Pay for Play?

By William Jenkins IV

The NCAA is a lot of things. It is an association that generates unprecedented amounts of revenue through Power 5 Division 1 schools, mainly through football and basketball, which are multimillion dollar industries.

It is an association that generates unprecedented amounts of revenue for specific conferences through television deals and conference networks.

It is an association that can afford to pay average salaries upwards of a million dollars to head coaches in football and basketball. But most importantly, the NCAA is an organization with strict rules in place that prevent athletes from such money gains.

Because of this, there are constant scandals each year involving money being funded to athletes in order to get them to play at a certain school, hire certain agents, sign certain deals, or various other commitments in exchange for cash.

The most recent issue involves numerous college basketball programs and coaches and officials who are part of a fraud and bribery scheme that has been investigated by the FBI. It involved major shoe company executives and even Nike’s own grassroots AAU creation, the EYBL. This scandal is one of the most widespread in quite a while and restarts the conversation of “Something needs to change.” Will it? Probably not.

Many people, fans, and basketball insiders alike, will confess outrage at this most recent scandal as they always do. Coaches and athletic directors have been and will be fired. Schools may receive postseason penalties, lose scholarships, or be forced to vacate wins. There might be a combination of all 3.

Then, the collective group of said fans and insiders will talk about change and what needs to happen. Then, the college basketball season will start and we’ll all forget about any of this and enjoy the sports as we have always done.

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Since the start of 2016, there have been around 10 or so scandals in college football and basketball. They range from academic fraud at North Carolina, sexual misconduct with escorts within the Louisville Men’s Basketball Program, and a bevy of infractions against Ole Miss’ Football Program. What this represents is that part of the fabric of college sports is rule breaking.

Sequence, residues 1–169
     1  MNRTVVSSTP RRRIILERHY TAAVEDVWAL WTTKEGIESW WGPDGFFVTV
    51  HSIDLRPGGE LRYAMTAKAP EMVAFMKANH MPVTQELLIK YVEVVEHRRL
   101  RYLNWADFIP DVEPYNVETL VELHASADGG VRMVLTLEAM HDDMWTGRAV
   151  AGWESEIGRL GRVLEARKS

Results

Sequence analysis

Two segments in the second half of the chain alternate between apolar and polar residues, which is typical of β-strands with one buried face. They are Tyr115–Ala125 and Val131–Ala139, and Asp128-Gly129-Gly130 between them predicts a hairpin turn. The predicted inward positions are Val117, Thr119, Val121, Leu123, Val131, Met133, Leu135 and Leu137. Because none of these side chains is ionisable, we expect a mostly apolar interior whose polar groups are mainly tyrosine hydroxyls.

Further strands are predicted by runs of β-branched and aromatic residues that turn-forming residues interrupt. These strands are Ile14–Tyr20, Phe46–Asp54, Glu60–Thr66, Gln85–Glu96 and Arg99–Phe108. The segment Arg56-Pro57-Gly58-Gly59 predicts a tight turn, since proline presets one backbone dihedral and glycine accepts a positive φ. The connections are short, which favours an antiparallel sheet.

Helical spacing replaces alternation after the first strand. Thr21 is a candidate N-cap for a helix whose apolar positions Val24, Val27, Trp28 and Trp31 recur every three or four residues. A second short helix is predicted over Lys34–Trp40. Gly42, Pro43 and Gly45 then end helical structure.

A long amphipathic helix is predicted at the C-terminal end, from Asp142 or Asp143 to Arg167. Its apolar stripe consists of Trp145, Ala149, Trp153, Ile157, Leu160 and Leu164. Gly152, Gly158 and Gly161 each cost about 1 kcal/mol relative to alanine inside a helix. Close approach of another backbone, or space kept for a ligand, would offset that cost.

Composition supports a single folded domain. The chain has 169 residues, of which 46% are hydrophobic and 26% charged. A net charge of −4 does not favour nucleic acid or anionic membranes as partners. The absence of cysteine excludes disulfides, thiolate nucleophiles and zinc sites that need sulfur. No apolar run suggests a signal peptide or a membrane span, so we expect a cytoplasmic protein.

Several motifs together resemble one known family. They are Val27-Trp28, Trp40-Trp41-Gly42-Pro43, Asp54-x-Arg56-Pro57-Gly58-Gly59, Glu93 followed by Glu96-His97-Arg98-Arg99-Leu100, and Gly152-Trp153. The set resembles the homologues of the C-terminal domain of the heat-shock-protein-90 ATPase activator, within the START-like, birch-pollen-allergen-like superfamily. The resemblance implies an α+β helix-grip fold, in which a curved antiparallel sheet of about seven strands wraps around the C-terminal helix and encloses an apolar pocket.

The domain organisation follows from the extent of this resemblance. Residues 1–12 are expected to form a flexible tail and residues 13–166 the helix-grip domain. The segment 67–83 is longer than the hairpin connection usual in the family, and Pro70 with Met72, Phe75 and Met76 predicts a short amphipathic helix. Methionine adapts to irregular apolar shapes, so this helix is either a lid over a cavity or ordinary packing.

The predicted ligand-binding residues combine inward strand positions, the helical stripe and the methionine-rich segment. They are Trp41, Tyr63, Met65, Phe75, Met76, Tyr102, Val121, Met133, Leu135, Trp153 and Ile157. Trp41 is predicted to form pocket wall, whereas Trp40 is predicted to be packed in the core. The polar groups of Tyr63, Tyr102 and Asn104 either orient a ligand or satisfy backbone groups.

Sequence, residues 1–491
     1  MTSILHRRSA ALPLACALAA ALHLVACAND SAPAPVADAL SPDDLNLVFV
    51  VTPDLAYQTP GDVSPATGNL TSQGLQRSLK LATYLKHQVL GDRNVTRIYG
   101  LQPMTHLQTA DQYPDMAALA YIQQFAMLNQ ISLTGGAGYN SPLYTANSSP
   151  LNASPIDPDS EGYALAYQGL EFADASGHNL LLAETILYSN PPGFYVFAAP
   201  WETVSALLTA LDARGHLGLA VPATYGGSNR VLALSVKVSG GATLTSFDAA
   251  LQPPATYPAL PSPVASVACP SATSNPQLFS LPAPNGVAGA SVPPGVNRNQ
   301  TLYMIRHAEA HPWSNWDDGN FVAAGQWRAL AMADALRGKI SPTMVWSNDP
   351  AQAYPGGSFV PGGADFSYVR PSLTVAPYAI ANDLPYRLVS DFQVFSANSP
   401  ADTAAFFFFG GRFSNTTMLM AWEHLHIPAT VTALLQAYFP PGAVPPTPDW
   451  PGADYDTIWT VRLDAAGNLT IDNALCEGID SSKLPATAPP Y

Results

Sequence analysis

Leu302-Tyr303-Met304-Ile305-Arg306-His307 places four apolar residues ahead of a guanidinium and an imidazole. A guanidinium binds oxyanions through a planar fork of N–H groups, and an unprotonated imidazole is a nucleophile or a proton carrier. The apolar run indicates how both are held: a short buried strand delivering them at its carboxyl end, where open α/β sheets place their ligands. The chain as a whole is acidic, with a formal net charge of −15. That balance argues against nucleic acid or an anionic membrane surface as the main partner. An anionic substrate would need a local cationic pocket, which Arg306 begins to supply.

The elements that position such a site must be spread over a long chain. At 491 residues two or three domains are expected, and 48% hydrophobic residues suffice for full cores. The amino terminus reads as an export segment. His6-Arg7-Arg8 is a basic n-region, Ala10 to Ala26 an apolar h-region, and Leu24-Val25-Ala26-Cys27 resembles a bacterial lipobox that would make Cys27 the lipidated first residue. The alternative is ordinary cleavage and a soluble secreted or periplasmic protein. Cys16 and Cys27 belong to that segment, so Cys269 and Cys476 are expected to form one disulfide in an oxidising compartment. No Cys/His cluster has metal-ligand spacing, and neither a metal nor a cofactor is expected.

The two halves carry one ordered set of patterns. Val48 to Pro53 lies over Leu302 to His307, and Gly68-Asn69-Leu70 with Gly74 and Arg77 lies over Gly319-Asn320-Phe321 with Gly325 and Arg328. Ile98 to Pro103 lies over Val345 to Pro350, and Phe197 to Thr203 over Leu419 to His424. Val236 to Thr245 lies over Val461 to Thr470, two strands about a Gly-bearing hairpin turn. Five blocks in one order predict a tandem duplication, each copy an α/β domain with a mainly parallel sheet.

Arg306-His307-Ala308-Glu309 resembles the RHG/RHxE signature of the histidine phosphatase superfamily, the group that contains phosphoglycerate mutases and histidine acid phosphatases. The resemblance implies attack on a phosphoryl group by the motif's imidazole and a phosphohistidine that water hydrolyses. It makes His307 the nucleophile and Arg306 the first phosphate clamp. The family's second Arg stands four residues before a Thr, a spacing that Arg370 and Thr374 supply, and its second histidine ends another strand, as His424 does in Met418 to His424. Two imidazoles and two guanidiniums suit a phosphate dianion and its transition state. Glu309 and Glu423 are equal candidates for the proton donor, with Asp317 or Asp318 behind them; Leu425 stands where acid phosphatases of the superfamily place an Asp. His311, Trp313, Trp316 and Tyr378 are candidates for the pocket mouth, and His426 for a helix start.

A scandal in college football and basketball is going to happen every year. That is a guaranteed bet. As long as there is as much money to be made as there is currently, these issues will continue to haunt the NCAA. Everyone is making tons of legal money within the NCAA blueprint except for college athletes.

Clearly, there is money that can be made under the table for these athletes and they are taking it in exchange for commitments. Why wouldn’t they? The majority of revenue generated in college sports lies with the athletes. Not coaches. Not high-ranking officials.

So, getting back the money they create, whether it is legal or not, will be something athletes continue to do and college coaches and officials will continue breaking rules to secure these athletes. The cycle will continue as it has been doing for years.

Nothing is going to change. The NCAA is too strict of an organization to change its rules. But there is too much money at pay for athletes, coaches, high-ranking officials, and the like for rules not to be broken, as we see time and time again.

The only thing that will change in the future is how we as spectators react. There is no need to feign outrage and shock. There is no need to suggest changes that should take place. When the next college sports scandal flashes across your TV screen, keep flipping channels in search of a real news story that may actually bring about some change.

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